The FDA's release of the de novo draft guidance last week is causing a stir, but does the newly created concurrent review really help save cost and time?  We've gone through the mechanics of the draft guidance to help companies better understand their options and the true time and cost savings.

Eligibility: The new pre de novo submission (PDS) pathway is available only to low or moderate risk devices for which there is not a suitable predicate (this may include situations where stacked or multiple predicates may have been used under the previously available process).

When to contact the FDA: After the intended use and key features of the device are finalized.

How to contact the FDA: Companies have two options—initiate contact with a PDS or follow the preexisting process (i.e., submit a traditional 510(k)).

PDS content: Much of the content is similar to the 510(k) sections, including device description and performance data plans (or results). An additional component is the classification recommendation, which requires the submitter to propose a classification, including any special controls that may be appropriate. Another key addition is the focus on risk and mitigation in the PDS. Companies should be prepared to address areas of risk with appropriate mitigation proposals. Finally, companies will need to identify potential predicates—those that might have been the basis for a "cross your fingers" 510(k) previously—and then must discuss why those predicates do not quite fit the bill.

PDS review timing: The FDA will request additional information (AI)—a familiar breed of requests for those familiar with the 510(k) process—within 60 days of a PDS submission. There may be multiple AI requests. Once all AI requests are satisfied and the FDA has "all information necessary," then a suitability letter will be sent within 60 days.

PDS review outcome: The suitability letter will convey the results of the FDA's PDS review and identify if the device is suitable for de novo review. Perhaps the most obvious benefit for companies provided through this draft guidance lies in this particular step. Submission of a PDS and the issuance of a suitability letter might make discussions with investors more comfortable and may provide the assurances many in the investment community are currently looking for. We suggest companies consider this suitability letter to be a key milestone for additional funding.

De novo suitability: If a company’s device is found suitable, the company may opt to submit a 510(k) followed by the de novo petition, or to submit the two concurrently.

Concurrent review benefits: If the concurrent path is utilized, timing for review should decrease—slightly. The FDA plans to conduct a screening review within 20 days and issue a not substantially equivalent (NSE) determination on the 510(k) in another 60 days (total of 80 days). The FDA will file the de novo petition concurrent with issuing the NSE (another 30 days saved, since companies previously had 30 days from the NSE to file the de novo petition).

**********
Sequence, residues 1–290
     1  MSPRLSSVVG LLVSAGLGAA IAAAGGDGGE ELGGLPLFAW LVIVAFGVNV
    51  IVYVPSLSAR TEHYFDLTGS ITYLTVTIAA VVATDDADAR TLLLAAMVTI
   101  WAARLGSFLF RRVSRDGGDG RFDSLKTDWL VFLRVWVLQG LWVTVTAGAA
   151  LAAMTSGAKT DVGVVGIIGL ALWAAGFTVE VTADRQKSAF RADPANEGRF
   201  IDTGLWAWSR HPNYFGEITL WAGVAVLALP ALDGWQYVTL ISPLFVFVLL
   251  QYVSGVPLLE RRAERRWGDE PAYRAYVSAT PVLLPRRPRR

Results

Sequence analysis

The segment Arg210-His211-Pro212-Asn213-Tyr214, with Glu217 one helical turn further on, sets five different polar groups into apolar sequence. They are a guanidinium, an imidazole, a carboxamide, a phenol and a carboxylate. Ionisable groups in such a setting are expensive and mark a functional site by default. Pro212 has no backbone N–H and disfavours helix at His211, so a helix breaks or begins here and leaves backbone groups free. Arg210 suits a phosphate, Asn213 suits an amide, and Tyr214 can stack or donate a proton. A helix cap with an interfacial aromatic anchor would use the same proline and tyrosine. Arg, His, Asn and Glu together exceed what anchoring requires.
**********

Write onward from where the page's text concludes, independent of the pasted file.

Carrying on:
Additionally, the concurrent review should help curb the trend we have encountered in which the FDA denies the de novo petition after the NSE decision because the same 510(k) review team evaluated both submissions and allowed their NSE decision to affect their evaluation of the de novo petition. Although the review team may be the same, this new process should make it clear that the 510(k) is a means of conveying information and not a true request for premarket approval under Section 510(k).

Concurrent review difficulties: If the FDA's AIs under the 510(k) review identify information that will impact the concurrently submitted de novo petition, there may need to be amendments to the de novo petition. The FDA has not clearly identified how it will deal with that situation. Additionally, the FDA indicates that the de novo suitability letter is not necessarily binding. If the FDA is aware of a device that can serve as a predicate, it will switch the review to a traditional 510(k) only. So companies in the concurrent review process will want to deploy market intelligence to track whether potential predicates are working their way through the de novo process too.

Final de novo decision: The FDA will begin reviewing the de novo petition at the time it issues the NSE.  The FDA can also respond with AIs during this review, but if no AIs are issued (which should be the result after so many reviews of the device!) the review cycle is 60 days.

Time savings: Since the PDS requires information at a fairly final stage and could take anywhere from 60 to more than 120 days (depending on the number of AI requests), any savings gained in the concurrent review (which we estimate to be 40 days gained if there are no AIs during the concurrent review) will be lost, and will still require the standard 60 day review time for the de novo petition. If everything goes smoothly, the time frame from submission of PDS to de novo petition decision should be 120 days if there are no AIs and the company is able to submit the concurrent 510(k) and de novo petition on the same day they receive the suitability letter from the PDS. Under the traditional process, if everything goes smoothly, the time frame from submission of the 510(k) to the de novo decision is 150 days if there are no AIs and the company is able to submit the de novo petition on the same day it receives the NSE determination.

Cost savings: Technically, it can be argued that there is a 30 day time savings. However, under the newly designed concurrent review, a company interacts with the FDA much earlier in the process and is subjected to three distinct review periods where AIs can be issued by the FDA. Add to that the additional intellectual investment (whether internally or through contracted professionals) needed to prepared the PDS and navigate this process. We suspect cost savings may not actually materialize.